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Description

The MakerBot Watch (The Makerwatch) is a great platform for developing new directions in open source electronics. But Bres current laser cut watch housing leaves something to be desired (sorry dude :). And, not everyone is up to the challenge of cutting steel or modeling in 3d to make a new housing.

The SSG design framework, developed by Dominic at the Humblefactory, breaks an object down into different functional layers -- skin, skeleton, and guts. The exciting thing about this separation is how it makes the process of making derivative objects, or entirely new remixes much easier. All you need to know to make a new SSG watch is how to sew, and where to buy some fly fabric. The skin gives most of the style, and some of the function (clasps, pockets, pen-loops -- you decide!)

Or, if you are slightly more adventurous, you can model a new skeleton using the blender template provided. Then, stitch up a new skin, and get ready to share an entirely new watch form factor -- I included a pocketwatch skeleton to get your brains pumping, but think about what else you might make.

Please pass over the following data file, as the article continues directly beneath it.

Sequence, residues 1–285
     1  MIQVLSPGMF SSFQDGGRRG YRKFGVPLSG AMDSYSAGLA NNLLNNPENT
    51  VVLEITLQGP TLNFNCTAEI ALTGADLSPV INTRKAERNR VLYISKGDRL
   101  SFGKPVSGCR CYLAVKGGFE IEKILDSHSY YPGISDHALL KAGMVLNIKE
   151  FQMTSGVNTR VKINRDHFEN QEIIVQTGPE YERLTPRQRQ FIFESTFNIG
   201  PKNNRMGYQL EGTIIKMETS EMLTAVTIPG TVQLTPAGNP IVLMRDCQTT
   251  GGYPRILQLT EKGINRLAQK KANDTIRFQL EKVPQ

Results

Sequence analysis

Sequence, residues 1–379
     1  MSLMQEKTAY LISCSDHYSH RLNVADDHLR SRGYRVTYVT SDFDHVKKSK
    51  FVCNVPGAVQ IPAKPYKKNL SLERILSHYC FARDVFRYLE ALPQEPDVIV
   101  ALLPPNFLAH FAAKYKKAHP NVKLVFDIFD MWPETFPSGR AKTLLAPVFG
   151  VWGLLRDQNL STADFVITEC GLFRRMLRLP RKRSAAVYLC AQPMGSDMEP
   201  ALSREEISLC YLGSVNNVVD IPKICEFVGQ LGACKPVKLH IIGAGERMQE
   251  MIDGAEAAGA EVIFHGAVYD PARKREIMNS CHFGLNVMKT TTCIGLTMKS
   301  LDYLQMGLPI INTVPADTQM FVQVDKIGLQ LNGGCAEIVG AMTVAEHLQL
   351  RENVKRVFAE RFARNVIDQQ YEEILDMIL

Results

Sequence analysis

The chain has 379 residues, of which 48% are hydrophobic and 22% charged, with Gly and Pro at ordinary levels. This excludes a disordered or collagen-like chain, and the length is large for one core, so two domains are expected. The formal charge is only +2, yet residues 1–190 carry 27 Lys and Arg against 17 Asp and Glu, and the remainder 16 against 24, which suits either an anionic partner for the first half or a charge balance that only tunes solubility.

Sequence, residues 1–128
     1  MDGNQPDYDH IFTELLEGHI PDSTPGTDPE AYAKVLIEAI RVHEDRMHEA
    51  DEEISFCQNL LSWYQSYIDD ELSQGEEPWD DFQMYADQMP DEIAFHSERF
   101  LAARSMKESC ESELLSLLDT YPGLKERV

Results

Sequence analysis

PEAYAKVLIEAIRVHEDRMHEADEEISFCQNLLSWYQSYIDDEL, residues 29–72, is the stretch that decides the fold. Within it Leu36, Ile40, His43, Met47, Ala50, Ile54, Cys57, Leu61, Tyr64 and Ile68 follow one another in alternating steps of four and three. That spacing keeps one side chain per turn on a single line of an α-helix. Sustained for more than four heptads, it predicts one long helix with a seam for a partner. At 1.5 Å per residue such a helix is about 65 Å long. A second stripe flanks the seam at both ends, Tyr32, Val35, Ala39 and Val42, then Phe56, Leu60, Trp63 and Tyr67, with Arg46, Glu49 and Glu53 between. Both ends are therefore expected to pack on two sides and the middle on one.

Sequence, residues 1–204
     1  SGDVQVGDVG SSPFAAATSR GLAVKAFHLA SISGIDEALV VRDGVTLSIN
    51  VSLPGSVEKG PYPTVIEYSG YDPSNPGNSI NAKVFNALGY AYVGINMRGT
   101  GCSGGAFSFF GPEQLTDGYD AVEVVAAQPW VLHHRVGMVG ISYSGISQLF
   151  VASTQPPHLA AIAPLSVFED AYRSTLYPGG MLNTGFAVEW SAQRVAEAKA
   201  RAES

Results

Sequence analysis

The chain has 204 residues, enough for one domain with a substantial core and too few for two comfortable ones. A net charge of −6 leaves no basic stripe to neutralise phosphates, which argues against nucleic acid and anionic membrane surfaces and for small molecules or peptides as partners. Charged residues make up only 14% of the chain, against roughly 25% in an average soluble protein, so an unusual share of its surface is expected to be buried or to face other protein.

Best of all, the SSG framework gets more makers involved in the iteration process -- My goal is to get as many revisions of this watch living in the wild as possible. I would LOVE to see additional sensors, etc built onto Bres basic bits. Maybe a pedometer? Temperature logger? Dangerous Noise Level Detector???

Whatever you do, be sure to share your derivatives. Every new design within the Makerwatch SSG ecosystem makes everybody's watch more valuable. Take a look here for more inspiration about SSG:

humblefacture.com/2010/08/ssg-framework-for-more-sustainable.html

Happy Making,
Dominic

PS - The current file is not makerbot-able cleanly, due to overhangs. However, I am working on a two-halves mod which should make it come clean on the bot. If anyone wants to jump on this before me, I am kinda busy with a sewing machine bike... humblefactory.com/search/label/ProductionCycle

PPS - Big ups to Matt and the crew at Metrix Createspace in Seattle, as well as Andy Davidson, who helped a flustered maker to pull this puppy together with epic speed. Finally, Mark Ganter at OPEN3DP was instrumental in getting me prints of the skeleton before my makerbot was online.

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